The story of Legend of Zelda: Link Between Worlds concerns itself with the split triforce from Legend of Zelda: Link to the Past and an evil sorcerer called Yuga who is trying to reconnect them all in order to summon power to himself and rule the kingdom of Hyrule. In order to do this he uses his magic to turn both Zelda and Link into paintings and breaks the barrier between the world of light and his own twisted dark realm of Lorule, the antithesis of Zelda’s kingdom. However, through the use of a magic item, given to him by the bunny-suited character Rovio, Link manages to control this painting spell and can henceforth actively flatten himself onto walls. Using this new ability Link is able to literally slip through the cracks in reality and the game takes place simultaneously between the two worlds of Hyrule and Lorule, with much of the puzzles and routes through the overworld relying on going back and forth between the two realms. Aside from Rovio, who is quite an interesting new character for the Zelda series (especially by the very end of the narrative), there really aren’t any other good characters in the game and generally speaking the plot is not very elaborate or deep. It’s there simply to facilitate the gameplay and Legend of Zelda: Link Between Worlds is quite content to let you wander about in a non-linear fashion through the game, experiencing it all at your own pace.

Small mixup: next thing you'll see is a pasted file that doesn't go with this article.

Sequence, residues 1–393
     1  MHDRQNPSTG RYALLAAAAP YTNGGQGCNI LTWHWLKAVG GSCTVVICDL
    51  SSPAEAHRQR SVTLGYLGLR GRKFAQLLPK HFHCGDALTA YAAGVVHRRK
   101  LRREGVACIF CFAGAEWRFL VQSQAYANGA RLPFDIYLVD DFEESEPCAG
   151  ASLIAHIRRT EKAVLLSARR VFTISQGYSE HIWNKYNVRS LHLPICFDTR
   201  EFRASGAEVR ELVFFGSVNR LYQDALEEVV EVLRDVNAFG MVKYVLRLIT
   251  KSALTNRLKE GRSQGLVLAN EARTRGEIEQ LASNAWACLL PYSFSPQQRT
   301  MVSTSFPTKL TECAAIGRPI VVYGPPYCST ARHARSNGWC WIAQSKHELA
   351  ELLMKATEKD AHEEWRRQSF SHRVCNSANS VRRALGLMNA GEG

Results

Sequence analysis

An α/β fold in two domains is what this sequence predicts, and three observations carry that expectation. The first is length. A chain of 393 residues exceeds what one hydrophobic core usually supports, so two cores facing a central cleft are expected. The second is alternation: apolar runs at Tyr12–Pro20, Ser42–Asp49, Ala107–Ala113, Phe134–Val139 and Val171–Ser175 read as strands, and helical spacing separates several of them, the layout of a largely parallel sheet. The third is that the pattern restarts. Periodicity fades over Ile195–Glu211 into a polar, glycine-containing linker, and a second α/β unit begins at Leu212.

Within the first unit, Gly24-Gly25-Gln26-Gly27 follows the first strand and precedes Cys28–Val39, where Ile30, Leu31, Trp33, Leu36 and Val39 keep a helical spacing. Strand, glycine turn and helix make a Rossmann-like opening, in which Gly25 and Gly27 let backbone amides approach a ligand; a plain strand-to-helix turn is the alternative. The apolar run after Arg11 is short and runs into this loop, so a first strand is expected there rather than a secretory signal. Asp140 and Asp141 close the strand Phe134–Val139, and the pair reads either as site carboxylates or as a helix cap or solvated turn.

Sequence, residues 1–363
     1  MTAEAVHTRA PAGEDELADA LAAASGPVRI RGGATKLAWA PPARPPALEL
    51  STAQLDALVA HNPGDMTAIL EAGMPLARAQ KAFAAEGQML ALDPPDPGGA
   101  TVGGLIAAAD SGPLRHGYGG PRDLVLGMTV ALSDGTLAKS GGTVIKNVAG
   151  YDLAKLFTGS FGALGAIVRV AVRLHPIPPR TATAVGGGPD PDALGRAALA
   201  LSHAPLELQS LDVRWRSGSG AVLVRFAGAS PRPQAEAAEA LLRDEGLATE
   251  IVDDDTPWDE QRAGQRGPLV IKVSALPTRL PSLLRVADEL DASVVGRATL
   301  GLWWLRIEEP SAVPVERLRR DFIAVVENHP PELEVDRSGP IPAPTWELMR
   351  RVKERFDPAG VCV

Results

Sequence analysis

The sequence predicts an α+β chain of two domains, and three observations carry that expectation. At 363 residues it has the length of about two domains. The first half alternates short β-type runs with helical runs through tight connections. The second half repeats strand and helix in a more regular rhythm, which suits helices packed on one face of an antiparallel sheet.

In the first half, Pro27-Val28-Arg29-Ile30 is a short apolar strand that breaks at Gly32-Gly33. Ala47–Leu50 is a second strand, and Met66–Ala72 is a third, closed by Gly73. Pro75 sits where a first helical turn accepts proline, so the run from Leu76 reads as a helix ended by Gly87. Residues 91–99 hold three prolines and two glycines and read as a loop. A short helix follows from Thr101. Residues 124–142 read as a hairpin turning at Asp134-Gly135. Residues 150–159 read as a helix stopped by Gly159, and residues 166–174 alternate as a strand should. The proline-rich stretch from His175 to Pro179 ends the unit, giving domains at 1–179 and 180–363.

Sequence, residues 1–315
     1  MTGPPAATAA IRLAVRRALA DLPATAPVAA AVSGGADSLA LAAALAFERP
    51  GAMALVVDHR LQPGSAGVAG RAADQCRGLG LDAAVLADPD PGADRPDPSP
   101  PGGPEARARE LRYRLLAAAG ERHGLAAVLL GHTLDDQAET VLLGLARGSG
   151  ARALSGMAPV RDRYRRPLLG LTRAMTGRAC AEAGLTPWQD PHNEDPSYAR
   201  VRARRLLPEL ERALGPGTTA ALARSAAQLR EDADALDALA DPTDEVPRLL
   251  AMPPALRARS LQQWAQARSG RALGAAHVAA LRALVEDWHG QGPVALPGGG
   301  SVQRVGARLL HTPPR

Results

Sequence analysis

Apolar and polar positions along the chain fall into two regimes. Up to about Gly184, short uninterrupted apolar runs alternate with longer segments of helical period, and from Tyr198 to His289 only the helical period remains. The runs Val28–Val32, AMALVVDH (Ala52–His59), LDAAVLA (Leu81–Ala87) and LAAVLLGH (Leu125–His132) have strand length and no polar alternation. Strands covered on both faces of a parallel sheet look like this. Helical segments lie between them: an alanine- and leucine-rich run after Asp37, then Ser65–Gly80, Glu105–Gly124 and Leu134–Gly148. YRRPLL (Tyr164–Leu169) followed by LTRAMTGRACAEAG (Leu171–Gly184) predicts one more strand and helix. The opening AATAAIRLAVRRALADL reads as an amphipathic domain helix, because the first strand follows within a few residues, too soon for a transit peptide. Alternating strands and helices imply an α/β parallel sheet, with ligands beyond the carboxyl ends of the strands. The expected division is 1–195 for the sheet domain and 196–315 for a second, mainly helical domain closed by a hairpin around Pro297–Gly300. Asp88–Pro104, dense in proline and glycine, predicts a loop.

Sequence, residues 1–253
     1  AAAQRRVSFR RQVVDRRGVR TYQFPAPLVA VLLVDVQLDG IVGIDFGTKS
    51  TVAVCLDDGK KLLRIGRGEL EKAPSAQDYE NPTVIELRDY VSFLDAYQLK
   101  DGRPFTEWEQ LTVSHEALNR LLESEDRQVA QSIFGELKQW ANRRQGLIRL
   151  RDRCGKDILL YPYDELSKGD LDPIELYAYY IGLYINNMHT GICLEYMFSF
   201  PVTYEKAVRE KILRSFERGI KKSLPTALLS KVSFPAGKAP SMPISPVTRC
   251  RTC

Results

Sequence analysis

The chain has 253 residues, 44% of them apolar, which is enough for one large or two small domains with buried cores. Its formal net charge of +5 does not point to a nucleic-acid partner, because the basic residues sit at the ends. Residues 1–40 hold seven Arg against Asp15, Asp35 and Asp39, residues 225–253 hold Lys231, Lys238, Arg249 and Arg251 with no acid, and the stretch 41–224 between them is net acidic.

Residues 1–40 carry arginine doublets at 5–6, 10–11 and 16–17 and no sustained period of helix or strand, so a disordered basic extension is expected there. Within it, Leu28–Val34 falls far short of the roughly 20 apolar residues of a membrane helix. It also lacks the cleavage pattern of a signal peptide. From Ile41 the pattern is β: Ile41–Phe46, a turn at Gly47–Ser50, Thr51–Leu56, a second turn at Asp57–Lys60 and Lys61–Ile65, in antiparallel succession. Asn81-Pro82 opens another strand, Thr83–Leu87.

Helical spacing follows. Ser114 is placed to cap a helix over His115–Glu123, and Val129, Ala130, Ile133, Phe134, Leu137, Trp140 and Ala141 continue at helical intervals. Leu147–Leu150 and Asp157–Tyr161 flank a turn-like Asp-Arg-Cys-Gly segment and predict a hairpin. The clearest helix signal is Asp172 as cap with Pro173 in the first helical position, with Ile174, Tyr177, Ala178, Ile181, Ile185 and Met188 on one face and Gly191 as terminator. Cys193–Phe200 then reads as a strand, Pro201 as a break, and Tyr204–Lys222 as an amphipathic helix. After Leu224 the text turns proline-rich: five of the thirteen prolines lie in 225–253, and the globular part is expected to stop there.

Nintendo have tried to expand upon this freedom to explore even further by radically overhauling the way that the gadgets and temples work in this game, compared to the traditional route offered by other games in the series. This is both good and bad. As a huge fan of the Zelda formula, I had absolutely no problem with the classic “find a temple, explore until roughly half-way, discover a new gadget, this unlocks the last half of the temple, beat the boss with new gadget” pattern; especially since once you had the new gadget it would then be in use for the rest of the game, with each new temple building on the skills and techniques of the last. That is how some of the most complex and deviously designed temples have worked in the past! Legend of Zelda: Link Between Worlds tries to do away with this and gives you the option of renting every gadget and tool almost from the very start of the game.